We need to be careful who sees our work when it’s still in process. I’ve learned this from writing and from quilting. My quilting experience is particularly surprising, because I discovered that early praise can be as harmful as early scorn.
Back in 1999, I decided to make a quilt about my aunt Fran. She died of breast cancer and while I only met her a few times, I really admired her. She had a passion for living that you couldn’t miss.
I had seen a video of her performing traditional Japanese dance, something she learned while living in Japan. With her read hair, she stood out even in a colorful crowd of kimonos. I decided to make a quilt that showed Aunt Fran with her fan folded, leaving the dance.
I drew my own figures, inspired by Japanese ukiyo-e (pictures of the floating world) and enlarged them with an overhead projector to make a pattern for each figure. Excited by the fabrics I had chosen, I started constructing the figures without designing a background for them.
They were still under construction when I made the mistake of taking them to a quilting retreat with me. I hoped that, as I finished the figures, I would come up with an idea for a background that suited them. I hadn’t thought at all about the reception they might receive.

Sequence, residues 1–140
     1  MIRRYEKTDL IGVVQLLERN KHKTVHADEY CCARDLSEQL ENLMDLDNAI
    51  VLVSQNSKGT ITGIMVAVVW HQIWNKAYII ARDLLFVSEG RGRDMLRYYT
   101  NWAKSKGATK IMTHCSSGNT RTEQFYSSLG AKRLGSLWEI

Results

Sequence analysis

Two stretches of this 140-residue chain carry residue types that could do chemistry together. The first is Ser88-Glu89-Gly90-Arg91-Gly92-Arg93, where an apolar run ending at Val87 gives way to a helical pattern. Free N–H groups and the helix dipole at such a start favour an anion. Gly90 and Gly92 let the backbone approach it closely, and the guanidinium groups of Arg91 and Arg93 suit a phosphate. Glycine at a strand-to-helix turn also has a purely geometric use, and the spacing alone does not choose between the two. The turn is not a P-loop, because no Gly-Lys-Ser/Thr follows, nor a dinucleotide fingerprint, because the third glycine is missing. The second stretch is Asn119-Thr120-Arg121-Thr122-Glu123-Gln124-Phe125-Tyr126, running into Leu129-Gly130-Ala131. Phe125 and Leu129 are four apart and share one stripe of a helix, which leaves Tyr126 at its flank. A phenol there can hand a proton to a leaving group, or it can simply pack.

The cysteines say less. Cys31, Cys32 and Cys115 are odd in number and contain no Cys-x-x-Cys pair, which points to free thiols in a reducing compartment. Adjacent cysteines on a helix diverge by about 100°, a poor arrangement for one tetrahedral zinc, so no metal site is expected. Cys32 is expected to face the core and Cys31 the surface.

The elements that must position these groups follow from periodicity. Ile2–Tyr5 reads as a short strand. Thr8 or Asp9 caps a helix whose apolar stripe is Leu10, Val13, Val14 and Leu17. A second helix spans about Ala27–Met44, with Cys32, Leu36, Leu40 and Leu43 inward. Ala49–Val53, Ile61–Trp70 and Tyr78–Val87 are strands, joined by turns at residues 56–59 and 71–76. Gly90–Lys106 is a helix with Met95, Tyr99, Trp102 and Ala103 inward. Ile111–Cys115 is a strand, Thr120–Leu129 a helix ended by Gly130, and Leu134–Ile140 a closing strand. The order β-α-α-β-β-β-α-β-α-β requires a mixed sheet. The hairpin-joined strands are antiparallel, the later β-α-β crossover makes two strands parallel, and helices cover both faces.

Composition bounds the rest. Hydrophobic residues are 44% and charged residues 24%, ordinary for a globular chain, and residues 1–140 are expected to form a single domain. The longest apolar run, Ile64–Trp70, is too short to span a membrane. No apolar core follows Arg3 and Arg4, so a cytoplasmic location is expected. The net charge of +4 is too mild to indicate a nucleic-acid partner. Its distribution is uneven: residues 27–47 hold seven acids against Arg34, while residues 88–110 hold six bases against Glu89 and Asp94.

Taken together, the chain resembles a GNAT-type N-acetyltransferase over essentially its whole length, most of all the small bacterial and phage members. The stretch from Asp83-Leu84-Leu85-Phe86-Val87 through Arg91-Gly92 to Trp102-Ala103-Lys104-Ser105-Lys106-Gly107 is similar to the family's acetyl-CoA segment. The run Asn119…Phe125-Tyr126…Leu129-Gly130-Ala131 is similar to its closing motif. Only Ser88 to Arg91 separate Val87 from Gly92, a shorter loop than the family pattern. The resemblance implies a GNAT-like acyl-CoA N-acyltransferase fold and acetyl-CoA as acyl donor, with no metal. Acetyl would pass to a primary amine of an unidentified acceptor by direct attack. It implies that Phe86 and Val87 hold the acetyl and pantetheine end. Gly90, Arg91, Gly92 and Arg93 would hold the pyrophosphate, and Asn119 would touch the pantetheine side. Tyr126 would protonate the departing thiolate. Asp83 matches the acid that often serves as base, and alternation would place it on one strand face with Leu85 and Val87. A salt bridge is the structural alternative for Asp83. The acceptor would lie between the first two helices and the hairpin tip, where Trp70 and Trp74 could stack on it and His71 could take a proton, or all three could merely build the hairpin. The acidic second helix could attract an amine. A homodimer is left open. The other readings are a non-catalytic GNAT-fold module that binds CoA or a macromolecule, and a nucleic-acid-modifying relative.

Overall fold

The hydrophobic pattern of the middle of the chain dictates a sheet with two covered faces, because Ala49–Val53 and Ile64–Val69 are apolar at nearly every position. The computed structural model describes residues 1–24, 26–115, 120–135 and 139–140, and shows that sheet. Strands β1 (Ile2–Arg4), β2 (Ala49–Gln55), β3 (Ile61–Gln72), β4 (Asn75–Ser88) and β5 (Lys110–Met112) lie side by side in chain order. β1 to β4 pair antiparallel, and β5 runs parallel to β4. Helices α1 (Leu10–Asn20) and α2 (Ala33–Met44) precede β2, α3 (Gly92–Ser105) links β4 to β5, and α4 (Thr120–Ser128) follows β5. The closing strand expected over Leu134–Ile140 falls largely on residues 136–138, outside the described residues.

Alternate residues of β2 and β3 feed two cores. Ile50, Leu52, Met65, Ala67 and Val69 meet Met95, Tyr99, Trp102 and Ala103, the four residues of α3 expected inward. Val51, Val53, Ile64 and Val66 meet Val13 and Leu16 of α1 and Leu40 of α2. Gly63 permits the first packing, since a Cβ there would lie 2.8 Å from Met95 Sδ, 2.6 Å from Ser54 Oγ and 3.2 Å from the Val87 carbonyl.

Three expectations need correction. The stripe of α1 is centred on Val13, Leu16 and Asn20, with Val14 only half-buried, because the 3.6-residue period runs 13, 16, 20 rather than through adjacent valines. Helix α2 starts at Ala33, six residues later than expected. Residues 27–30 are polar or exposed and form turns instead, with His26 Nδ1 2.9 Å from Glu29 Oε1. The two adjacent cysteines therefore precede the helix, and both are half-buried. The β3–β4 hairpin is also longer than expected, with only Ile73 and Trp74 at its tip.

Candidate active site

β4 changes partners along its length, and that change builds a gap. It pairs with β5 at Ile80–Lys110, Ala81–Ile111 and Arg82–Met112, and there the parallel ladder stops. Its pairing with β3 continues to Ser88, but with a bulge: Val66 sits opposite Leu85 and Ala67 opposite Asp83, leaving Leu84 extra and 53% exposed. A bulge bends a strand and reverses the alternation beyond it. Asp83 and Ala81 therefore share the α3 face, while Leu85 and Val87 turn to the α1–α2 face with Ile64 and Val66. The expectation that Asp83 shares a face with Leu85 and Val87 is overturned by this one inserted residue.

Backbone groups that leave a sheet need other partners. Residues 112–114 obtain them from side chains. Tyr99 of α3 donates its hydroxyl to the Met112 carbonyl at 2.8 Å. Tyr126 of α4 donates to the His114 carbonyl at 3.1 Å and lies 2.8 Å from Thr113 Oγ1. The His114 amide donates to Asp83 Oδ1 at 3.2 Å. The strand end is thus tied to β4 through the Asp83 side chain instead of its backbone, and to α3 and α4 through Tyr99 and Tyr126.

I hung my figures on the walls so I could study them from a distance, something I couldn’t do in my tiny home. I discovered that I didn’t need need to worry that some harsh comment would poison the project. My quilting friends loved the figures. They couldn’t say enough nice things about them.
I auditioned some fabrics for the background while they kept up the compliments. To my astonishment, their praise and enthusiasm for what I had done wound up paralyzing me as effectively as scathing comments would have. I couldn’t come up with a plan for how to finish the quilt because I was suddenly afraid of ruining it.
I knew the figures were good, but I also knew they weren’t perfect. Everyone’s glowing comments made me see them as precious, as if they were perfect. Suddenly, I was terrified I would destroy what I had made. What if the background didn’t live up to the dancers? I had already done so much work and I didn’t want to waste it.
The quilt is still unfinished. I have since had an idea for the background and I’ve bought the fabrics for it. But fear is still holding me back. I need to let go of my expectations and just dive in.
Getting feedback on a work-in-progress proved fatal for me. I wasn’t looking for input, but I got it. Even though the comments were positive, they became a block for me. Now, I am much more careful now not to show anyone my projects until all my decisions are already made.
Have you ever had positive criticism poison a project? Can you show others your work-in-progress or do you have to protect your early creations?